Interviews

Rep. Ron DeSantis seeks answers on Obama's actions in Syria

Florida congressman wants information about the previous administration's efforts to rid Syria of Chemical weapons

 

This is a rush transcript from "Your World," April 14, 2017. This copy may not be in its final form and may be updated.

TRISH REGAN, GUEST HOST: A lawmaker demanding answers today as to what the Obama administration knew and didn't know about chemical weapons in Syria.

Keep in mind, this is what members of the administration, Obama administration, were saying back then. Watch.

(BEGIN VIDEO CLIP)

JOHN KERRY, FORMER U.S. SECRETARY OF STATE: With respect to Syria, we struck a deal where we got 100 percent of the chemical weapons out.

JOSH EARNEST, FORMER WHITE HOUSE PRESS SECRETARY: The declared chemical weapons stockpile that Assad previously denied existed has now been acknowledged, rounded up, removed from the country and destroyed, precisely because of the work of this administration and our successful efforts to work with the Russians to accomplish that goal.

SUSAN RICE, FORMER U.S. NATIONAL SECURITY ADVISER: We were able to find a solution that actually removed the chemical weapons that were known from Syria in a way that the use of force would never have accomplished.

(END VIDEO CLIP)

REGAN: All right, but now that we saw another chemical attack in Syria, Florida Republican Congressman Ron DeSantis wants some answers. He just sent off a letter to Secretary of State Tillerson, as he tries to get to the bottom of it.

And he joins me now.

Congressman, good to have you here.

I think a lot of us are wondering, they told us they got rid of all these chemical weapons. And yet we saw all those people, including children, die in that horrible chemical attack. Did they think they had gotten rid of them?

REP. RON DESANTIS, R-FLORIDA: Well, I think that's what we're going to find out.

Actually, there's been evidence that has come out since this chemical attack where you have some former Obama administration officials that said, well, actually we always knew all along that we didn't get all the chemical weapons.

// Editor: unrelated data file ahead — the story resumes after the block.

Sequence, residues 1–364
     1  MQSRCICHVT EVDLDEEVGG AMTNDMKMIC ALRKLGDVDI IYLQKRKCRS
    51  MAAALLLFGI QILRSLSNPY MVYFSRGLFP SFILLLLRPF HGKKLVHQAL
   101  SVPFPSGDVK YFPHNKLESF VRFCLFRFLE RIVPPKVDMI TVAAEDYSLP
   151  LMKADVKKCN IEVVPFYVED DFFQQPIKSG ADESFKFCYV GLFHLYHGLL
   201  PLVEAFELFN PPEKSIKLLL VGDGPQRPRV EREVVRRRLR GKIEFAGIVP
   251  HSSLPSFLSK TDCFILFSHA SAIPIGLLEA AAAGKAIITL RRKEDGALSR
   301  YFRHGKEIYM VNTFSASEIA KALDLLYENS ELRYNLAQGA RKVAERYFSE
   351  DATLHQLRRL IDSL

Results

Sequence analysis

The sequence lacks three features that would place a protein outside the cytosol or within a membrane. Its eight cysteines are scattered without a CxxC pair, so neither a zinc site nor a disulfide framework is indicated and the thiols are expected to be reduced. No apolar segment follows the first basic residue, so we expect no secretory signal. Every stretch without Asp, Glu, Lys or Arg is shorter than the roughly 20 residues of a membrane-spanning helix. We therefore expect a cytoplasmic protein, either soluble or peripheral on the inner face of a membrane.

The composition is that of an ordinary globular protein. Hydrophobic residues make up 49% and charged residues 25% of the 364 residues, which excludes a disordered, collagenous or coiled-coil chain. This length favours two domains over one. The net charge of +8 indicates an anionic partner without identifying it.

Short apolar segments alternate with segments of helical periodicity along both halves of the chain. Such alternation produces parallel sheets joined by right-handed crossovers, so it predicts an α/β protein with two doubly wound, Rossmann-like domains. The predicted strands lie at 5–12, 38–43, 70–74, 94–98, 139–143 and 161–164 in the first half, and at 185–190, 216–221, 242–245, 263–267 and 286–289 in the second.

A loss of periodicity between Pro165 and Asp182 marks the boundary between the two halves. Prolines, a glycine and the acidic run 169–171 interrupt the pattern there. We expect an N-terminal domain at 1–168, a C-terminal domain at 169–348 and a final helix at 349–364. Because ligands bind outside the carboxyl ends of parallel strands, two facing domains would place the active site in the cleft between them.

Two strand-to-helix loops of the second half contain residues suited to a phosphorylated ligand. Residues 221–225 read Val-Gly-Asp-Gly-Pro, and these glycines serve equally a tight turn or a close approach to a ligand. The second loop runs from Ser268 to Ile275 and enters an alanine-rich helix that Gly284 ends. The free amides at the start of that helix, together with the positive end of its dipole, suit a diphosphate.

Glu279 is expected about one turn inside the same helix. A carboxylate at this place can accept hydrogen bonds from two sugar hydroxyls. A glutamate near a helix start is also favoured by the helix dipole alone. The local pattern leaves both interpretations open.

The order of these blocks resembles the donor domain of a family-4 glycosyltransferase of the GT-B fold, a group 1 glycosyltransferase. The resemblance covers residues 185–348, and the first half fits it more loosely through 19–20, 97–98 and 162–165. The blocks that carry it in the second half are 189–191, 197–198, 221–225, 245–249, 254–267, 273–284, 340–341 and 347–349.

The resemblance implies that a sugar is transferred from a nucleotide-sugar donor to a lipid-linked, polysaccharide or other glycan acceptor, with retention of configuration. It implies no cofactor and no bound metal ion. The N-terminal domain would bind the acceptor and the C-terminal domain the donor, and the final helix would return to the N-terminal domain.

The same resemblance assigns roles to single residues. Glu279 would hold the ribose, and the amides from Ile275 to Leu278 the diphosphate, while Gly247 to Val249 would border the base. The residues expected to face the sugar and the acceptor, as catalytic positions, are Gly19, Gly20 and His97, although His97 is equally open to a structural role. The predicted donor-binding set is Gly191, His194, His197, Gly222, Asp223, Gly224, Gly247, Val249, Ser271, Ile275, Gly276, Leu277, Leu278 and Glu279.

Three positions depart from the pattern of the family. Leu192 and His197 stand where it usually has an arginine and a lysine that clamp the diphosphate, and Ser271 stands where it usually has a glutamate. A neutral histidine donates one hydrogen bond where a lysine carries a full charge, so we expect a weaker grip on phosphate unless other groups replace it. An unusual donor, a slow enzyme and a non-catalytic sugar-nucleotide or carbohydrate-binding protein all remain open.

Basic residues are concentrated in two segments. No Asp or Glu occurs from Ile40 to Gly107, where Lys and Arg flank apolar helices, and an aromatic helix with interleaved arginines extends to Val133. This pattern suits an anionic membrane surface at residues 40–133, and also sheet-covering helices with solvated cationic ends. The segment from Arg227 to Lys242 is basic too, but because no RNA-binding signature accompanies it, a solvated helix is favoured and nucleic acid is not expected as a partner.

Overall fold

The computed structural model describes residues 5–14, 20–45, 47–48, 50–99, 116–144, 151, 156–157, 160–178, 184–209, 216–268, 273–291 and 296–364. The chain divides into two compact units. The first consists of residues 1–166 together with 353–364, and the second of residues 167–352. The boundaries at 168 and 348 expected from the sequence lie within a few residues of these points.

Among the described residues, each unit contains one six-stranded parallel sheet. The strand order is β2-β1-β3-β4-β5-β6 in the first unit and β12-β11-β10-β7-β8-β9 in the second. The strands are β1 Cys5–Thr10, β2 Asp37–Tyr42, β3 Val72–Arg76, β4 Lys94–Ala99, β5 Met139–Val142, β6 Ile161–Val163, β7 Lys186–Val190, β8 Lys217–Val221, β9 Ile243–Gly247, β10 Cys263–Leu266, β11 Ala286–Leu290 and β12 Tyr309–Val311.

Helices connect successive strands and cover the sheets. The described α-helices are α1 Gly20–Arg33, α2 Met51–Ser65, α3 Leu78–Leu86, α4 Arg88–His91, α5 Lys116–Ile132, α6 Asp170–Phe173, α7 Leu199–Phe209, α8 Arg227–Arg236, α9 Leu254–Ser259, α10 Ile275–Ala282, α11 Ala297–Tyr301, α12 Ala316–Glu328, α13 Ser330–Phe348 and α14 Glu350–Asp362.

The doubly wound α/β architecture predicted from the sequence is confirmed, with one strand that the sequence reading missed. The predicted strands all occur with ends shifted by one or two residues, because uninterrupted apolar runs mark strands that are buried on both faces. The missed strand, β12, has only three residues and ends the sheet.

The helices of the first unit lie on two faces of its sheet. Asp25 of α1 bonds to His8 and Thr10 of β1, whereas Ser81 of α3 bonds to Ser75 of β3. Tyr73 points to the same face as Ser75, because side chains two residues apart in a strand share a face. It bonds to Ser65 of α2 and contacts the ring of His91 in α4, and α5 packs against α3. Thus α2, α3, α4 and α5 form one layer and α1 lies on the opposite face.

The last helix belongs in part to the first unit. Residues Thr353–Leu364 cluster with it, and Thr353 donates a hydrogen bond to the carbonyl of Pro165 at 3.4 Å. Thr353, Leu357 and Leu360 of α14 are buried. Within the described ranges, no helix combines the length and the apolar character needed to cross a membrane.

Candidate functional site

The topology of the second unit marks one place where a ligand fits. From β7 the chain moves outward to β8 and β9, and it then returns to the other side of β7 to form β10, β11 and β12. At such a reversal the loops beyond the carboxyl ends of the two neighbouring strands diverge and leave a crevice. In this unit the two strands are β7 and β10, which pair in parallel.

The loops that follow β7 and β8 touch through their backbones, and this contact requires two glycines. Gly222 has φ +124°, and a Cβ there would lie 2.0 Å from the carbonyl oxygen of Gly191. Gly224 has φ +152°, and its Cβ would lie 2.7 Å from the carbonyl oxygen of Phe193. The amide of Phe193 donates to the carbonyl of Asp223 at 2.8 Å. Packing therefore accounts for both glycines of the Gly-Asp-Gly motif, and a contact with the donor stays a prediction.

And I think the montage that you played shows that that was not the message that they were giving to the American people. They were telling the American people that these weapons had been taken care of. So, we want to find out, did they actually know that there were still some chemical weapons there, when did they know that, and then why didn't they tell Congress and the American people?

And I think the problem with it is, this flew -- this came from Obama's red line, where he drew the line in the sand. Assad then used the weapons that Obama said he couldn't use. But then the president did not act against Assad. He kind of hemmed and hawed.

They eventually struck this deal. And so the Obama administration had always said, well, look, people criticized the president for not doing the red line. We got the weapons. That's even better than striking Assad.

(CROSSTALK)

DESANTIS: Well, why were they making that narrative? Was it because to kind of cover politically for what the president's lack of red line enforcement wrought?

REGAN: I guess the big question then is, did they know that they hadn't gotten them all? And if so, why would they have sold the American public some other bill of goods?

That said, I will just ask, how long does it take to make these things? Is it possible that they could have gotten rid of them, and then he went out and was able to make these new ones? Or is that just inconceivable? Do you know the answer to that?

DESANTIS: No.

No, I think that is possible. It's not the way the deal was supposed to operate, obviously. But it's possible. But it seems to me less likely, given the acknowledgement that we have seen from some of these former Obama officials, saying they knew that there were still some weapons there all along.

So, we want to get to the bottom of it. We want to know what was known and what was the Trump administration told about this, because obviously this is a problem that they inherited.

We also, don't forget, have troops in Syria, small numbers, not necessarily in Assad's sphere of influence. But I can tell you, when I served in Iraq, we all had to take the chemical suits, because we didn't know what was over there.

So, was that warning given to the Defense Department about, hey, we actually think there may be chemical weapons over there after all? So, these are just things we need the answers to. And I think the American people deserve them.

REGAN: Secretary -- or, rather, Susan Rice in all of this as well does not necessarily perhaps have the best track record, given what happened in Benghazi.

Does that come into your line of thought at all as you ask these questions?

DESANTIS: Absolutely.

She said three days on NPR before Obama left office this past January saying what a great thing this was. We got all of the chemical weapons is what she said.

And we know that is not true. The question is, did they know that it wasn't true, and did they have information that suggested their deal wasn't as successful as they were telling the public it was?

REGAN: Lots of questions. Lots of questions.

Thank you so much. Good to have you here, Congressman.

DESANTIS: Thank you.

END

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